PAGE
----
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Businesses’ activities for consumer carbon emissions reduction: strategies, outcomes and contribution to sustainability transitions

Morgan, Elizabeth Anne (2018) Businesses’ activities for consumer carbon emissions reduction: strategies, outcomes and contribution to sustainability transitions. PhD thesis, University of Leeds.

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Morgan_EAM_Earth and Environment_PhD_2018.pdf - Final eThesis - redacted (pdf)
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Emissions reductions in consumption remain a key requirement if the goals of the United Nations Paris Climate Agreement to reduce emissions to keep global temperature rise this century to below 2°C are to be met. This thesis analyses the roles and impacts that consumer-facing businesses can have on achieving consumption emissions reductions. It examines this through focus on large established businesses, which have designed and implemented voluntarily activities aimed to influence consumer behaviour. The thesis contributes to the field of sustainable consumption research by using a coevolutionary approach and combining this with theories of business drivers, business model innovation, corporate responsibility and models of consumer behaviour change, thus bringing together disparate academic areas. It analyses the roles that large consumer-facing businesses in two industry sectors, retailing and detergent manufacturing, have played over time, to influence consumer behaviour to reduce product-related carbon emissions at home, and assesses their motivations for those roles, how effective they have been and how their roles have been influenced. It finds that initiatives have not resulted in change in consumer practice at a scale that would deliver significant emissions reductions. In using a coevolutionary approach to examine sectors as a whole, there are number of explanations for this, including that both competition and cooperation between firms can shape individual businesses’ responses. However, the over-riding conclusion is that consumption emissions from households are a result of sector-level, multi-directional influences along the chain of manufacturers, retailers, shoppers and consumers and arise from interdependent systems of provision, technologies and infrastructure. Therefore, in spite of considerable efforts and resources deployed, business initiatives, individually and at sector level, could be more effective. However policy makers could improve effectiveness by taking a wider perspective of system-level and intra-sector influences in order to develop policy to achieve lower emissions at the scale needed.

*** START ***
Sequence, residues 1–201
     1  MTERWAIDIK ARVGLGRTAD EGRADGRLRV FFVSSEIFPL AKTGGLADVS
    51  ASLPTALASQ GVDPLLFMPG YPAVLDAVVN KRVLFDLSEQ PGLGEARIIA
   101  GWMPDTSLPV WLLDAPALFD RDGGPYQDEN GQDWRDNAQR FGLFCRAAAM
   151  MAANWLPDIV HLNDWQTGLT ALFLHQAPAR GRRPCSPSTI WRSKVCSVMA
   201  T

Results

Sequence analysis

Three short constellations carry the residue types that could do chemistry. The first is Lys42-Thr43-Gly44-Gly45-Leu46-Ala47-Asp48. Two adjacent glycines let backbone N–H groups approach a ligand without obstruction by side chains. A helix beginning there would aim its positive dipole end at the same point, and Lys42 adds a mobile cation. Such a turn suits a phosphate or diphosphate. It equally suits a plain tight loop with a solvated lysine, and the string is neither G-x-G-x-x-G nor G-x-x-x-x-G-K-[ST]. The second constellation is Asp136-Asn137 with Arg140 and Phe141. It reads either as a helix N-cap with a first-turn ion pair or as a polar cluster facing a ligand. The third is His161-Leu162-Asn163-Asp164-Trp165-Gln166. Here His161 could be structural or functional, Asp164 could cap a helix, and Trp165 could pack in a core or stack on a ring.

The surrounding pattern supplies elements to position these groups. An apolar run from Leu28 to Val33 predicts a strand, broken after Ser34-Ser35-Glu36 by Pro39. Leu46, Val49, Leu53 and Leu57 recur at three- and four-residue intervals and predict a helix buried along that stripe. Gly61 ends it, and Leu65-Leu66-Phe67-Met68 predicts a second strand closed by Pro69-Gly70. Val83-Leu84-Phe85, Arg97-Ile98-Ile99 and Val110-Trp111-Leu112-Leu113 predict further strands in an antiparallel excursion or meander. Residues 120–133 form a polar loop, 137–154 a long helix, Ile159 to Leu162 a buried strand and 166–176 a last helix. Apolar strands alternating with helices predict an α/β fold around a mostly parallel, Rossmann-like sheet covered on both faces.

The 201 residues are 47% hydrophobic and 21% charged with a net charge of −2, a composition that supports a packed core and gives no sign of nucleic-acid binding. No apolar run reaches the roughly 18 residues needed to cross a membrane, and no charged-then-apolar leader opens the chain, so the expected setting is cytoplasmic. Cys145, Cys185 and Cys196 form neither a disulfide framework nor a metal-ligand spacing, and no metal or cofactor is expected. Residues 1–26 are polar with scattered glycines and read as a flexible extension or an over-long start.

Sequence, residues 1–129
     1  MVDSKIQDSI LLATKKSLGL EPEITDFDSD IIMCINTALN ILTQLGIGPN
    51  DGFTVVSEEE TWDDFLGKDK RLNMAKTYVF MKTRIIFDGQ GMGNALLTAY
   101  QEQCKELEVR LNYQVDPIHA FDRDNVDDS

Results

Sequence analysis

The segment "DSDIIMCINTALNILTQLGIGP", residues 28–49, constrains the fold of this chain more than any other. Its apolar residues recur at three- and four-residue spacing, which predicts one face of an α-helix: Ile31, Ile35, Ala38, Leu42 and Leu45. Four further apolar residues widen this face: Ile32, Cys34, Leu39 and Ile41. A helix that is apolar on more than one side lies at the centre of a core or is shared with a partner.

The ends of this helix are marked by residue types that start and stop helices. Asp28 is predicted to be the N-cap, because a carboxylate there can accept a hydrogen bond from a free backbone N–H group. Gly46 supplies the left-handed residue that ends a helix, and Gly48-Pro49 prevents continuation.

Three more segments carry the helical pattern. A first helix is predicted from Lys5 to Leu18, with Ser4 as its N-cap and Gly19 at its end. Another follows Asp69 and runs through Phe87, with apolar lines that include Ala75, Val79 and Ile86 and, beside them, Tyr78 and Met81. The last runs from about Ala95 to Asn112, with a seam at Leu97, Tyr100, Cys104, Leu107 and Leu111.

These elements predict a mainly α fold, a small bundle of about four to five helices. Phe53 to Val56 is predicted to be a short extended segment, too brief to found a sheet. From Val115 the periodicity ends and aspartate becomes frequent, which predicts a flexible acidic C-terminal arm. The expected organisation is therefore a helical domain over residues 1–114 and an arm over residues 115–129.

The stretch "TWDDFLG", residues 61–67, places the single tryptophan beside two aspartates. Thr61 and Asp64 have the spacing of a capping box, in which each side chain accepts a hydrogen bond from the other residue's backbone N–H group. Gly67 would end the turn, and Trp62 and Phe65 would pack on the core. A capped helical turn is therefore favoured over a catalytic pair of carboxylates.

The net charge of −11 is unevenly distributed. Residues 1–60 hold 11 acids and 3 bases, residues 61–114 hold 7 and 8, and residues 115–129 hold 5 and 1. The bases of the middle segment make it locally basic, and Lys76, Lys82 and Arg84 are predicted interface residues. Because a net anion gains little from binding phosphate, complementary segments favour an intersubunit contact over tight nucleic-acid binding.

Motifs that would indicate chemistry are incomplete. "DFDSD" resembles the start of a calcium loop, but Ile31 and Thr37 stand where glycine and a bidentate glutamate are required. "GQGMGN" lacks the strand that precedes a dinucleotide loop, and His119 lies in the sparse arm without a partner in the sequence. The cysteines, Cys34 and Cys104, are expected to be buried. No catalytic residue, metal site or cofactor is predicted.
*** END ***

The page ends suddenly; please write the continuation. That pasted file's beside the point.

Item Type: Thesis (PhD)
Academic Units: The University of Leeds > Faculty of Environment (Leeds) > School of Earth and Environment (Leeds)
Depositing User: Dr E A Morgan
Date Deposited: 08 Feb 2019 11:52
Last Modified: 08 Feb 2019 11:52
URI: http://etheses.whiterose.ac.uk/id/eprint/22824

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